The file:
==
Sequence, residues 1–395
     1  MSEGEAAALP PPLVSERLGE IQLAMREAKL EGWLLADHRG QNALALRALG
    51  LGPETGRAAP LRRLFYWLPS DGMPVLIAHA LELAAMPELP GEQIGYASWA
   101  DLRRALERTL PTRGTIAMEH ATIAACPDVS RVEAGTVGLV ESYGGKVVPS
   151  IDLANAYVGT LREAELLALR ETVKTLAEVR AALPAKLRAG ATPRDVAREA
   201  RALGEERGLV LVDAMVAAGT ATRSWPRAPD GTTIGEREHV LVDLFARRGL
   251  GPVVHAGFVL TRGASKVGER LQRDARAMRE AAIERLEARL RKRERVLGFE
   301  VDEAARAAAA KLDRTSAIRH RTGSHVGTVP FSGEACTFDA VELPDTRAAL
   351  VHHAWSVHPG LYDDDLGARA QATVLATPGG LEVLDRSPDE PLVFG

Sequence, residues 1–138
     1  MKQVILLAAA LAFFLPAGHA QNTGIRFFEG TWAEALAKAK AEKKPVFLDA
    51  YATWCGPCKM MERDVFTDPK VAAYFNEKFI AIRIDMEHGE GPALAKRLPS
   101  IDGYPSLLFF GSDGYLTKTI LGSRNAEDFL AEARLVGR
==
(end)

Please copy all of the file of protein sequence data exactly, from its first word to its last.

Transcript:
Sequence, residues 1–395
     1  MSEGEAAALP PPLVSERLGE IQLAMREAKL EGWLLADHRG QNALALRALG
    51  LGPETGRAAP LRRLFYWLPS DGMPVLIAHA LELAAMPELP GEQIGYASWA
   101  DLRRALERTL PTRGTIAMEH ATIAACPDVS RVEAGTVGLV ESYGGKVVPS
   151  IDLANAYVGT LREAELLALR ETVKTLAEVR AALPAKLRAG ATPRDVAREA
   201  RALGEERGLV LVDAMVAAGT ATRSWPRAPD GTTIGEREHV LVDLFARRGL
   251  GPVVHAGFVL TRGASKVGER LQRDARAMRE AAIERLEARL RKRERVLGFE
   301  VDEAARAAAA KLDRTSAIRH RTGSHVGTVP FSGEACTFDA VELPDTRAAL
   351  VHHAWSVHPG LYDDDLGARA QATVLATPGG LEVLDRSPDE PLVFG

Sequence, residues 1–138
     1  MKQVILLAAA LAFFLPAGHA QNTGIRFFEG TWAEALAKAK AEKKPVFLDA
    51  YATWCGPCKM MERDVFTDPK VAAYFNEKFI AIRIDMEHGE GPALAKRLPS
   101  IDGYPSLLFF GSDGYLTKTI LGSRNAEDFL AEARLVGR